Open Access Research article

Different thresholds of tissue-specific dose-responses to growth hormone in short prepubertal children

Ralph Decker1*, Anders Nygren1, Berit Kriström2, Andreas FM Nierop3, Jan Gustafsson4, Kerstin Albertsson-Wikland1 and Jovanna Dahlgren1

Author Affiliations

1 Göteborg Pediatric Growth Research Centre (GP-GRC), Department of Pediatrics, Institute of Clinical Sciences, The Sahlgrenska Academy at University of Gothenburg, Gothenburg, Sweden

2 Institute of Clinical Sciences, Department of Pediatrics, Umeå University, Umeå, Sweden

3 Muvara bv, Multivariate Analysis of Research Data, Leiderdorp, Netherlands

4 Department of Women’s and Children’s Health, Uppsala University, Uppsala, Sweden

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BMC Endocrine Disorders 2012, 12:26  doi:10.1186/1472-6823-12-26

Published: 1 November 2012

Abstract

Background

In addition to stimulating linear growth in children, growth hormone (GH) influences metabolism and body composition. These effects should be considered when individualizing GH treatment as dose-dependent changes in metabolic markers have been reported. Hypothesis: There are different dose-dependent thresholds for metabolic effects in response to GH treatment.

Method

A randomized, prospective, multicentre trial TRN 98-0198-003 was performed for a 2-year catch-up growth period, with two treatment regimens (a) individualized GH dose including six different dose groups ranging from 17–100 μg/kg/day (n=87) and (b) fixed GH dose of 43 μg/kg/day (n=41). The individualized GH dose group was used for finding dose–response effects, where the effective GH dose (ED 50%) required to achieve 50% Δ effect was calculated with piecewise linear regressions.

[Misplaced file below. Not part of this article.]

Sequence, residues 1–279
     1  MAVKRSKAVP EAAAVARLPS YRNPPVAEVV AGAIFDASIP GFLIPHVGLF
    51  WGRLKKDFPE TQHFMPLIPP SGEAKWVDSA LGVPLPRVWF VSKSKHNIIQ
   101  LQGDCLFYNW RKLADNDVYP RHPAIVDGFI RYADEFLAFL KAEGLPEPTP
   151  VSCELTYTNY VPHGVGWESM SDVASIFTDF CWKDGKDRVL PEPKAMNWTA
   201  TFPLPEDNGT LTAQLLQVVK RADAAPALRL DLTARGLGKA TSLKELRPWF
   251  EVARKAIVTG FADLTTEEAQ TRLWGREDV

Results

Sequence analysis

Results

Different thresholds for the GH dose were found for the metabolic effects. The GH dose to achieve half of a given effect (ED 50%, with 90% confidence interval) was calculated as 33(±24.4) μg/kg/day for Δ left ventricular diastolic diameter (cm), 39(±24.5) μg/kg/day for Δ alkaline phosphatase (μkat/L), 47(±43.5) μg/kg/day for Δ lean soft tissue (SDS), 48(±35.7) μg/kg/day for Δ insulin (mU/L), 51(±47.6) μg/kg/day for Δ height (SDS), and 57(±52.7) μg/kg/day for Δ insulin-like growth factor I (IGF-I) SDS. Even though lipolysis was seen in all subjects, there was no dose–response effect for Δ fat mass (SDS) or Δ leptin ng/ml in the dose range studied. None of the metabolic effects presented here were related to the dose selection procedure in the trial.

Conclusions

Dose-dependent thresholds were observed for different GH effects, with cardiac tissue being the most responsive and level of IGF-I the least responsive. The level of insulin was more responsive than that of IGF-I, with the threshold effect for height in the interval between.

Keywords:
GH deficiency; GH sensitivity, GH responsiveness; Idiopathic short stature; GH dose-effect; Metabolic effects; Lipolysis